Use this URL to cite or link to this record in EThOS:
Title: New methods for protection of future power networks incorporating high penetrations of distributed generation
Author: Jennett, Kyle I.
ISNI:       0000 0004 2744 7494
Awarding Body: University of Strathclyde
Current Institution: University of Strathclyde
Date of Award: 2013
Availability of Full Text:
Access from EThOS:
Access from Institution:
Due to initiatives such as the EU (European Union) 2020 target of 20% of final energy consumption from renewable sources [1], and a target to reduce greenhouse gases from energy production by 80-95% by 2050 [2], the number of renewable generators being connected to power systems is increasing. Many modern renewable generators are inverter-interfaced [3] and many of these are being connected at the distribution level within power systems. This increase in generation at this level of the system can affect the operation of network protection, and with the continuing increase in generation, the impact on protection operation is expected to grow. In this thesis, the growing impact of inverter-interfaced generation on distribution network protection is investigated. Initially, protection problems resulting from increasing DG (Distributed Generation) penetration are investigated and the work of others in this domain is reviewed. A description of the development of an empirical model of an inverter, incorporating fault behaviour, is presented. The model is based on observations of laboratory testing and is developed to accurately model inverter fault behaviour. Three problems are subsequently considered and evaluated using simulation: protection "blinding", loss of protection coordination and sympathetic tripping. Sympathetic tripping is found to be the most 'imminent' problem and a comprehensive simulation based investigation is undertaken to evaluate the extent of sympathetic tripping for typical penetrations of distributed generation. In the latter sections of the thesis, a number of potential solutions are evaluated to ascertain their effectiveness in reducing or preventing the occurrence of protection problems such as sympathetic tripping. Firstly, it is demonstrated that sympathetic tripping can be avoided in most circumstances by modifying the settings specified in the UK Energy Networks Association's G59/2 recommendation. Secondly, the and operation of an optimisation based technique is described - this can significantly improve the speed of protection operation and thus avoid the occurrence of sympathetic tripping; improvements in protection speed of up to 42 % are achieved with this method. Finally, a communication based blocking scheme is described which employs IP/MPLS (Internet Protocol Multiprotocol Label Switching) communication technology. The operation of this scheme is demonstrated via laboratory testing and it is shown that the selected technology may be effective when adopted within this blocking scheme. The thesis concludes with an overview of future work that is required to further advance the concepts demonstrated.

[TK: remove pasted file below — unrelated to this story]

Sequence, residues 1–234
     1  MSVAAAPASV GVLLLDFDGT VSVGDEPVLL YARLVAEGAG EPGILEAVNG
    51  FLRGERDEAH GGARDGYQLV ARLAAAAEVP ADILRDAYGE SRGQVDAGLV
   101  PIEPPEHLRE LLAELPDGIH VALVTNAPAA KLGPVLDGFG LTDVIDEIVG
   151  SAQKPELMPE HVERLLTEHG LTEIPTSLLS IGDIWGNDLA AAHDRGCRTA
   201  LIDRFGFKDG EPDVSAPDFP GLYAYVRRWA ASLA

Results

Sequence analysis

Supervisor: Not available Sponsor: Not available
Qualification Name: Thesis (Ph.D.) Qualification Level: Doctoral
EThOS ID:  DOI: Not available